Charles Dickens Omara; A Feat in Mentoring Youth into Entrepreneurs in Uganda

Uganda
February.25.2022

When Charles Dickens Omara was selected by the District Agricultural Officer to participate in a Youth Business Clinic organized by Sasakawa Africa Association (SAA) in 2020 under the program funded by The Nippon Foundation (TNF), he had no idea that there would be competition and a cash prize of one million Uganda Shillings ($283) to be won.

Nevertheless, he took on the challenge, and his hard work paid off. He emerged the winner of the cash prize and now runs a thriving poultry business. 

Charles Dickens Omara is a 27-year-old farmer and student of Bukalasa Agricultural College from Atodi village, Lira district.  He has transformed his livelihood and that of his family through poultry farming and has diversified to piggery, apiary, and cuniculture. 

Youth unemployment is a major problem in Uganda.  The unemployment rate for young people in Uganda for persons between the ages 15–24 is 83%. About 400,000 youths are released annually into the job market to compete for approximately 9,000 available jobs according to a report by the Advocates Coalition for Development and Environment (ACODE).

Uganda has the youngest population in the world, with more than 77% of its population under 25 years of age; 80% of whom live in rural areas. 
By training youth in business management, SAA empowers youth like Charles to become entrepreneurs in a country where the unemployment rate is projected to trend around 2.30 percent in 2022 and 2.00 percent in 2023 according to econometric models by Trading Economics, an online forum that provides its users with data on economic indicators and financial markets.

“Most of the participants had great business ideas and they were confident when pitching to the panel; I had no idea that I would emerge the winner,” says Charles.

Charles in the Chicken Coop

Now, as an entrepreneur armed with business management skills, Charles is mentoring other young groups, particularly those interested in poultry farming in his village. 

He says, “Since the training, my life has transformed, I know exactly what to do and how to do it; I keep records of every transaction and this has helped me to keep track of my expenditure and savings.”

Charles earns about six hundred thousand Uganda shillings($170) per month, and from the proceeds of his multiple businesses, he has acquired a plot of land (15X20) at three million, one hundred thousand Uganda shillings($881) where he intends to build rentals.  Today, he employs his mother and two sisters because as a long-distance student, he sometimes must be at school, especially during the examination time.  They earn one hundred thousand shillings ($28) each per month. They use it to buy seeds and cultivate maize, soya bean, and white sorghum.  Charles who recently married says he can afford to look after a family unlike before.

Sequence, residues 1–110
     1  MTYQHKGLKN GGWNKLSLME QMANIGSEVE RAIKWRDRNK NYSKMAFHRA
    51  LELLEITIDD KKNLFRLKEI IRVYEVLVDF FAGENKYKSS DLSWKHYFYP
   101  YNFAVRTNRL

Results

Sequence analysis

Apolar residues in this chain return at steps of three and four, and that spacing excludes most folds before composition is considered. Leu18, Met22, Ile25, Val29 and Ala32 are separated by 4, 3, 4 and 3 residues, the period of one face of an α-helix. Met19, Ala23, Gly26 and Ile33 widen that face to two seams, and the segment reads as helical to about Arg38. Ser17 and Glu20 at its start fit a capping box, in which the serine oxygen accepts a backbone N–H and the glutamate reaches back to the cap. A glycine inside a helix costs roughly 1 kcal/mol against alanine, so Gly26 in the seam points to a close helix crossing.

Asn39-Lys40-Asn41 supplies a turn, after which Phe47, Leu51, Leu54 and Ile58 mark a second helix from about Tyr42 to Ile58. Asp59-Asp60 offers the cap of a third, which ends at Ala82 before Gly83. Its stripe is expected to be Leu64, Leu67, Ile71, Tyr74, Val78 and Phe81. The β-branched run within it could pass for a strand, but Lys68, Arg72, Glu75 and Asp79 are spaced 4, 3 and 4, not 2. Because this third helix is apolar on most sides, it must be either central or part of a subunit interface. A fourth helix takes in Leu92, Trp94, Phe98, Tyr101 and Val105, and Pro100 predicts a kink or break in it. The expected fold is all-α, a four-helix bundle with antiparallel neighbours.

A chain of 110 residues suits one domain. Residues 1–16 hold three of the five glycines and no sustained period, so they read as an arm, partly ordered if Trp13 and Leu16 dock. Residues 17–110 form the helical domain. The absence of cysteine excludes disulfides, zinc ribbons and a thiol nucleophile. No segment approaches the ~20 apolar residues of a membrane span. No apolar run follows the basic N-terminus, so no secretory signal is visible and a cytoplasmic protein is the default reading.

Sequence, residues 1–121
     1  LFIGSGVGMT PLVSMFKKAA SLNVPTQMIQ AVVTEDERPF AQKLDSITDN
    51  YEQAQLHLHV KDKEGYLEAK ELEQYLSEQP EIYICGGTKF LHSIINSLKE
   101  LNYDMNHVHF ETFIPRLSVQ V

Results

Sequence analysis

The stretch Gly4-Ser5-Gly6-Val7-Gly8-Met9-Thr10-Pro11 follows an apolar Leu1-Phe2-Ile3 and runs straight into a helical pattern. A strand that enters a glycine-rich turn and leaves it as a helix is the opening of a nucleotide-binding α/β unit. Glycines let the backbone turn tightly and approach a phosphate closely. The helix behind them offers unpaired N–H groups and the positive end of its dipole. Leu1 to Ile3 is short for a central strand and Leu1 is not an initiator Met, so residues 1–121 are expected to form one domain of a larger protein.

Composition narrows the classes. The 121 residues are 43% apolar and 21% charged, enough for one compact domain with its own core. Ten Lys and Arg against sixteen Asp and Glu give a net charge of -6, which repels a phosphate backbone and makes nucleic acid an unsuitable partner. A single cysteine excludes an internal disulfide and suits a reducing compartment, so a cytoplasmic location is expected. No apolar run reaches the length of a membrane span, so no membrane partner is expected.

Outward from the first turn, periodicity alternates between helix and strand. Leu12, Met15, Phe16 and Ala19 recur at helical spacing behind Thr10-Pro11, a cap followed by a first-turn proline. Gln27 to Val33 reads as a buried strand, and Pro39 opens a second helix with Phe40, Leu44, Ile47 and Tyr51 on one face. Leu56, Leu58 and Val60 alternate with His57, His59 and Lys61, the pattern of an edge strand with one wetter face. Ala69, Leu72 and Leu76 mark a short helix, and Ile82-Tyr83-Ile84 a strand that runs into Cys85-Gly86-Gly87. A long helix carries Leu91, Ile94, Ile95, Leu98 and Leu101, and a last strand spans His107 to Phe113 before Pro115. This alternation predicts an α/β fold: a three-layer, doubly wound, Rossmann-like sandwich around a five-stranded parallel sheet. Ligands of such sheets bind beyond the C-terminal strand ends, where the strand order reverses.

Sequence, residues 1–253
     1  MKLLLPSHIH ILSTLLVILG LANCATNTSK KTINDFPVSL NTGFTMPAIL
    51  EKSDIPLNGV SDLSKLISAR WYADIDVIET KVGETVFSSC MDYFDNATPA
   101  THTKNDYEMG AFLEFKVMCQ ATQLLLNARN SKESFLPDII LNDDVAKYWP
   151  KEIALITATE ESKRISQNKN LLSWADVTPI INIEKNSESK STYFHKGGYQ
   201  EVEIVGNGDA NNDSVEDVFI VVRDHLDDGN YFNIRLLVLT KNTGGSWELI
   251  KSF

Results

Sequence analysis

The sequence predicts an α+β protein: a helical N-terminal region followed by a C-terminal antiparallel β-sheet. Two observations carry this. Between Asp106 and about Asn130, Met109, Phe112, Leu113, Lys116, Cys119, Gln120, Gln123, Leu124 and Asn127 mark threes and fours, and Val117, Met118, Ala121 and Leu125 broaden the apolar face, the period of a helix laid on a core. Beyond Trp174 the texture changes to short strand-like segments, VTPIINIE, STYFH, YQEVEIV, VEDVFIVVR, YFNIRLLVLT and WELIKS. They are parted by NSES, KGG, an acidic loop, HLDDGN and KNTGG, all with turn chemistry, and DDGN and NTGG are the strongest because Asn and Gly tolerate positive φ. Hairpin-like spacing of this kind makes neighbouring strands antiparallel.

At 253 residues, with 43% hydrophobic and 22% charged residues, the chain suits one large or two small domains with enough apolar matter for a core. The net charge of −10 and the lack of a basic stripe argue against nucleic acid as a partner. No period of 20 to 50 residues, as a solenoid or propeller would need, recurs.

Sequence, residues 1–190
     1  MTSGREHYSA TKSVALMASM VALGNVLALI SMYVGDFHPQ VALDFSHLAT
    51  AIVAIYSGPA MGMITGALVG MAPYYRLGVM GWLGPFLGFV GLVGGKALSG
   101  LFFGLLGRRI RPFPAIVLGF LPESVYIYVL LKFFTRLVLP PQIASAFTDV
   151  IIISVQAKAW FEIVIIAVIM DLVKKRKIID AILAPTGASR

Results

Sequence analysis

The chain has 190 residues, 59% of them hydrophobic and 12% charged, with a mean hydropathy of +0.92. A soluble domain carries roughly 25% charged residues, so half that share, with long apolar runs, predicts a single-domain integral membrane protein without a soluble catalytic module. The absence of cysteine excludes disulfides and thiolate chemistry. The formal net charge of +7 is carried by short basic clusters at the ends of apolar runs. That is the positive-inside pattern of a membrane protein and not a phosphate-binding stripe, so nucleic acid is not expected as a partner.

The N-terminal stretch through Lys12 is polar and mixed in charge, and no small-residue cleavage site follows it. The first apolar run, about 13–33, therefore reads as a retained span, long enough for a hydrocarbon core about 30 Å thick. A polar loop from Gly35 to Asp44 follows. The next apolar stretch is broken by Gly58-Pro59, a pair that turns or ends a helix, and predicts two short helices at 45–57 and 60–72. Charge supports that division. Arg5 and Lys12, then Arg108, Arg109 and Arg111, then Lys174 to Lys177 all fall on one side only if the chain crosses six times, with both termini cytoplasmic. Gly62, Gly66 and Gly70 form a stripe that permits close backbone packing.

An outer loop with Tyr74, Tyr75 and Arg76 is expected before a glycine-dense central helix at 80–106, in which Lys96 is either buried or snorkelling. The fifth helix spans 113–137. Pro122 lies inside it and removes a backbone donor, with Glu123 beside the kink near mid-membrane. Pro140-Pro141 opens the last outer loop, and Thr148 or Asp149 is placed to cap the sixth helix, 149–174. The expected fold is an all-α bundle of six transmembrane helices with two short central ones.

Encouraged by his success, Charles is onto the next challenge. “I plan to increase my farm, stock, and expand to rearing layers; I also want to attain a degree in veterinary medicine after completing my diploma,” he adds. This week he bought 200 chicks to start his next phase of poultry farming. 

Through the business clinic training, youth like Charles have been empowered and their mindset changed to create jobs instead of looking for them. The training has helped them to gain confidence, take risks, and understand that agriculture is a source of livelihood. SAA was able to train and mentor 93 (40F, 53M) in the fiscal year 2021 under their model of youth business clinics.

About The Nippon Foundation and the Program  

The Nippon Foundatoin (TNF) is a Japanese private foundation with its mission to serve as a social innovation hub that works to achieve a better society through support for children, persons with disabilities, and disaster recovery. TNF has been funding SAA’s core program since its establishment in 1986 and now supports realization of the SAA strategic plan.

Market-Oriented Agriculure (MOA) is one of the strategic pillars and that seeks to improve knowledge about market trends and inspire an entrepreneurial spirit among smallholder farmers. It works to enhance access to post-harvest agro-processing such as threshing and milling, promotes hermetic grain storage for improved quality and minimises postharvest loss. It equips farmer groups with skills in organizational management, business development, and marketing and establishes linkages with input dealers, output markets, and financial institutions.

Like the case of Charles Dickens, it also conducts youth business clinics as an entry point to "Farming as Business" to unlock potential, job creation, sustainability, and gender inclusiveness, and supports the transition of small groups to larger farmer organisations such as Area Cooperatives Enterprises(ACE) to encourage collective action and bulk marketing among others.

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